“The common denominator amongst all those special deputies was Sheriff Palmer,” Larson said. “...I’ve never seen an attack of this nature levied at a family.”

In an email, Palmer declined to comment.

“The results of the (Department of Justice) and subsequent inquiry through DPSST speaks for themselves,” Palmer said. “I do not have an interest nor do I wish to comment. Nor do I have the time to do so.”

Oregon Water Resources Department Public Information Officer Racquel Rancier said the department employees followed protocol and only provided information to the public as they would do in any case.

“The department has followed its processes and believes that it is unfortunate that there is a perception that the department is any less than a neutral party in these matters,” she said.

Wilderness trees

During the 2018 election cycle, Sproul and Traylor also claimed that trees in the Strawberry Mountain Wilderness adjacent to Larson’s property were illegally salvaged after the Canyon Creek Complex fires in 2015.

Traylor said downed trees are still visible in the wilderness along neighboring properties, describing it as “a sweetheart deal for Gordon Larson and no one else.”

The Eagle submitted a Freedom of Information Act request to the Forest Service on Oct. 11, 2018, seeking the investigative report and any complaints or correspondence about the allegation. The Forest Service regional office in Portland provided the documents well after the election on June 3, 2019.

The documents include a memo signed June 1, 2016, by Steve Beverlin, the Malheur National Forest supervisor at the time, stating that imminent hazard trees along private property boundaries were to be felled to a distance of 1.5 tree lengths from the property line by forest workers and that trees “felled onto private property for safety reasons will be left and be the responsibility of the land owner.”

The documents also included the daily logs of a Forest Service law enforcement officer who investigated the incident and photographed the scene who determined the Forest Service fell the trees.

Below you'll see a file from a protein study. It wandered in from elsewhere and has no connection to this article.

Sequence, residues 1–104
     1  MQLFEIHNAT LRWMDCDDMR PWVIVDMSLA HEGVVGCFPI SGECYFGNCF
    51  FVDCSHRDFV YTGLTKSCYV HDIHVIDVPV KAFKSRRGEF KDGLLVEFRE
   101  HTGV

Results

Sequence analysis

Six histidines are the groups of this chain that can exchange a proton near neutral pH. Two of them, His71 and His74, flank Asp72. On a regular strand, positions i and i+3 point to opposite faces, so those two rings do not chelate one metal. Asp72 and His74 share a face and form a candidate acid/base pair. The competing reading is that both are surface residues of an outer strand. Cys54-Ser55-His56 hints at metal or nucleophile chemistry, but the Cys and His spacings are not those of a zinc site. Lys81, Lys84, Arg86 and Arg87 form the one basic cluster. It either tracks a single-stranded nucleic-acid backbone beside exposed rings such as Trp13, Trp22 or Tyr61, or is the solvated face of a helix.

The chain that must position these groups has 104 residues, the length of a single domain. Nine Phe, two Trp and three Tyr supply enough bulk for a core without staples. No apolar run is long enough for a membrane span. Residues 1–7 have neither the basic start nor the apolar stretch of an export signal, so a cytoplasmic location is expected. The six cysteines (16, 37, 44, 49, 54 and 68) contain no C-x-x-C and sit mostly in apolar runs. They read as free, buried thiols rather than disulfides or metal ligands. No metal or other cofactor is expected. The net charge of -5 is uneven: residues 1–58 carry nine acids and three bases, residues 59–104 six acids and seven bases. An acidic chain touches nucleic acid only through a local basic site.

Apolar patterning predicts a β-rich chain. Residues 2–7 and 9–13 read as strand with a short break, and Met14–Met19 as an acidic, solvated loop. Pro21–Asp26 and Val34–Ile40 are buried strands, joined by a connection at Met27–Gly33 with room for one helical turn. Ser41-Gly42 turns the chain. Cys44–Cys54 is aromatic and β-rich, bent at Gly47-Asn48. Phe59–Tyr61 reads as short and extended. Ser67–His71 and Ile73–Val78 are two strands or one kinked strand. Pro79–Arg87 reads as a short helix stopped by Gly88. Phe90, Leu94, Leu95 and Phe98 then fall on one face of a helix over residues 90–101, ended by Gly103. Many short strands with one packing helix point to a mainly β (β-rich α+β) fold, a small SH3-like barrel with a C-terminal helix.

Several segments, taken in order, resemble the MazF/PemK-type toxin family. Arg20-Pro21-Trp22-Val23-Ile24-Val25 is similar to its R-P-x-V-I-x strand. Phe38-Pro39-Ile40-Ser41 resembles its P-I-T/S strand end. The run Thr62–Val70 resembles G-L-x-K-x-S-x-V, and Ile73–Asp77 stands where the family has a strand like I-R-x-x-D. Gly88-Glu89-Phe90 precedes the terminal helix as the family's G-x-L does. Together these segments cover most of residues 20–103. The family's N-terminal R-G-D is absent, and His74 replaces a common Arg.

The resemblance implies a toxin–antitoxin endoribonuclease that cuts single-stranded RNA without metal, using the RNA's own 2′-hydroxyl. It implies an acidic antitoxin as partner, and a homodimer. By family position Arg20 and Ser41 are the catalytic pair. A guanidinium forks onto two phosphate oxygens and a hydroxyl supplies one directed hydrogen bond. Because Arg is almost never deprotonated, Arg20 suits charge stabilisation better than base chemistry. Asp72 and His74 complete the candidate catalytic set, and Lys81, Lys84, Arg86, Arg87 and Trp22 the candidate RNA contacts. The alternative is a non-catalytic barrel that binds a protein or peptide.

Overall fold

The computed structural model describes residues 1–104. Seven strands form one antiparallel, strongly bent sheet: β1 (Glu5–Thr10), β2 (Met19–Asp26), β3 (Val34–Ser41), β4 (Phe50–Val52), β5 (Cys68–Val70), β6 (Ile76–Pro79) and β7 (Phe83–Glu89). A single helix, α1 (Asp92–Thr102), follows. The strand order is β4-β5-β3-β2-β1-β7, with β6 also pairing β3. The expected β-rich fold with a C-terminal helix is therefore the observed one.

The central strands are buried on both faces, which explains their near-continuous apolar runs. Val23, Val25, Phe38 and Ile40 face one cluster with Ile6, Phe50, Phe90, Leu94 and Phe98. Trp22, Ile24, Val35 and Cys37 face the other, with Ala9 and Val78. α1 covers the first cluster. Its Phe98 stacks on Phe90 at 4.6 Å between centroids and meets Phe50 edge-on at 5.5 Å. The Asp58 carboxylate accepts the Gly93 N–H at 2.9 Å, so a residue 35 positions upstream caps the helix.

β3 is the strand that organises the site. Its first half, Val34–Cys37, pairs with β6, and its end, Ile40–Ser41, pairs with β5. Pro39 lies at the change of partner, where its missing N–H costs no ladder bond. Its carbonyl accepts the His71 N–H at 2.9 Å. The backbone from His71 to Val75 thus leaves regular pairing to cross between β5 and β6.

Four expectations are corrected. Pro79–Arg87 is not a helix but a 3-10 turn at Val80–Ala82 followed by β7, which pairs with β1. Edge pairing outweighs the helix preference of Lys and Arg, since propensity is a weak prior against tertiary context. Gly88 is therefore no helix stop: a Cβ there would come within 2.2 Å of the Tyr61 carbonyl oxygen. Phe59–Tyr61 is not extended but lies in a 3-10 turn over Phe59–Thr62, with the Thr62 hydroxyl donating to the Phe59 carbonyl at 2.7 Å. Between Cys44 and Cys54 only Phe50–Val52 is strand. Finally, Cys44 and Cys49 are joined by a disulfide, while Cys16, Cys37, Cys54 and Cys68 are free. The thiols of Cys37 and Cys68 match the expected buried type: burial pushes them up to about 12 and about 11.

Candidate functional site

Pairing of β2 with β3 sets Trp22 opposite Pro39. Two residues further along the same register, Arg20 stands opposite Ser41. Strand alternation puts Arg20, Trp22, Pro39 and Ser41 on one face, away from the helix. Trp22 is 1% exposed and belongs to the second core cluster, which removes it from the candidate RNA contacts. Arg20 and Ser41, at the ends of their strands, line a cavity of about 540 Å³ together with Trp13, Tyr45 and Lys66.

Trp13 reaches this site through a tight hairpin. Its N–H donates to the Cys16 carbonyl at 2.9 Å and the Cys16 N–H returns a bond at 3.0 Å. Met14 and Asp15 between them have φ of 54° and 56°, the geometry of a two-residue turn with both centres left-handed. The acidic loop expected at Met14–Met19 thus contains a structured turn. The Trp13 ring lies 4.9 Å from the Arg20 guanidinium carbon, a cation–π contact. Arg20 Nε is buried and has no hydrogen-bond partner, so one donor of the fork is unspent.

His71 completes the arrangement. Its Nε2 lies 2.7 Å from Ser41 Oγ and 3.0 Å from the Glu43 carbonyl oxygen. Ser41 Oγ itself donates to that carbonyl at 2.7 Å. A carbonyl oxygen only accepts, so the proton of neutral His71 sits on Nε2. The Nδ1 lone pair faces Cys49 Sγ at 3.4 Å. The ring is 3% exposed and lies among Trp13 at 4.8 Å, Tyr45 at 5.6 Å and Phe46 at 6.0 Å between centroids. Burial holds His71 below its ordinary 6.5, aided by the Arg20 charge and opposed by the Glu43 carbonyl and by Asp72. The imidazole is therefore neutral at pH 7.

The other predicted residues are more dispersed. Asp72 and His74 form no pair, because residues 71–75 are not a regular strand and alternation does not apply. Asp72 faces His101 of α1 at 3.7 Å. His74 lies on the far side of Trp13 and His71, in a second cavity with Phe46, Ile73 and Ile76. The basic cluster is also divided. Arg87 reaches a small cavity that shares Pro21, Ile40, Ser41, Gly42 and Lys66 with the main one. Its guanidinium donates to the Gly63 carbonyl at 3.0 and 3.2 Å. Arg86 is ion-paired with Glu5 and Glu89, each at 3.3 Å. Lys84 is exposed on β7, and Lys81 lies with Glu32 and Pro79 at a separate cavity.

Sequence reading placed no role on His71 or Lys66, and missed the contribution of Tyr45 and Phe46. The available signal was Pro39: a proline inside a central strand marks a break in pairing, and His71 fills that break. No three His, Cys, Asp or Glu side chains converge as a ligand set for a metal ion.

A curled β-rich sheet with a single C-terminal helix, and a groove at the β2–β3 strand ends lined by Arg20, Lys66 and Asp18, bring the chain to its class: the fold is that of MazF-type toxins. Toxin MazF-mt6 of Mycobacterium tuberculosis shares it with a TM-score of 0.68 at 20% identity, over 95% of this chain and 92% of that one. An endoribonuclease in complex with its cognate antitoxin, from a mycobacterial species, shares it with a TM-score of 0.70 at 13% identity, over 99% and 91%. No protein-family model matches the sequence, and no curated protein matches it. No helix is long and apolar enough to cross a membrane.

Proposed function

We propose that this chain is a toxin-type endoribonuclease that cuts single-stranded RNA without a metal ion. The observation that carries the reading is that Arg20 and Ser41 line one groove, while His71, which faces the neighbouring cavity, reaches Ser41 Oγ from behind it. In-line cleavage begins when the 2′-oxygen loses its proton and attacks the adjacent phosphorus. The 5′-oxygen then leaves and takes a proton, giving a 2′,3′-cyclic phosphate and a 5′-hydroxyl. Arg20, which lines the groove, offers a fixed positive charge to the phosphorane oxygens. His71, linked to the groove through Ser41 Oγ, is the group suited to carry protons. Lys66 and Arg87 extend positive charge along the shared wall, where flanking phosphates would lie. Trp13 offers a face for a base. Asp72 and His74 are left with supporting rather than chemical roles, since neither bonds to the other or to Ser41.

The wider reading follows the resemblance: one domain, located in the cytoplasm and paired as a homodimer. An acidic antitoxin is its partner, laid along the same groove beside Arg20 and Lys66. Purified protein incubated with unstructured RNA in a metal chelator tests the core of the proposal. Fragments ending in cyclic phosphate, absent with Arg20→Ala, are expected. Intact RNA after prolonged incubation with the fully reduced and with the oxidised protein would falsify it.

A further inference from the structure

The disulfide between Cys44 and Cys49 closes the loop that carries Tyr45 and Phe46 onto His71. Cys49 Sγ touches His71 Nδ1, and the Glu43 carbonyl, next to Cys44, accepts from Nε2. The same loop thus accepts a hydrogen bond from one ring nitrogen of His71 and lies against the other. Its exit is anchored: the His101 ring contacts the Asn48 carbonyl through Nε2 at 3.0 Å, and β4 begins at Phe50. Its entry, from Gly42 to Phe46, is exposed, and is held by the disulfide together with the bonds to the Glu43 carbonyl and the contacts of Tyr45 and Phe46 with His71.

“Forest Service law enforcement and other individuals investigated the site and no trees were improperly removed,” Beverlin said. “The issue was originally brought forth by Jim Sproul to Sheriff Glenn Palmer in an attempt to influence the November Grant County commissioner election.”

Water project

Complaints were also made that Larson failed to obtain the proper permits for an irrigation improvement project on his ranch.

The project to move points of diversion on Berry Creek and Canyon Creek was intended to provide a more efficient and effective water delivery system while improving fish passage and habitat, which was supported by the Confederated Tribes of Warm Springs and the Oregon Department of Fish and Wildlife.

Grant Soil and Water Conservation District Board Chair Patrick Voigt said in an April 13, 2018, statement that the district provided lead project management and construction supervision through the implementation of the project’s infrastructure in 2016 and 2017.

“The district has also been responsible for obtaining the applicable permits and clearances necessary to authorize the project’s construction and resulting operation,” Voigt said. “Permits governing the installation of the project’s infrastructure were issued prior to the start of construction work in 2016.”

Voigt said the district also submitted a water right transfer application in 2017 that was anticipated to be issued.

In a June 6, 2018, letter to conservation district manager Jason Kehrberg, Oregon Water Resources Director Thomas Byler points out that it was the district that authorized project construction before obtaining the water right transfer permits.

“I strongly encourage you to obtain all necessary permits and approvals before implementing project construction,” Byler said to Kehrberg. “Carrying out construction before permits or other approvals are obtained creates unnecessary risk for participating landowners, funders and the district. ... In the future, please work with out local watermaster and other department staff to complete the needed water right processes and reviews before constructing the project.”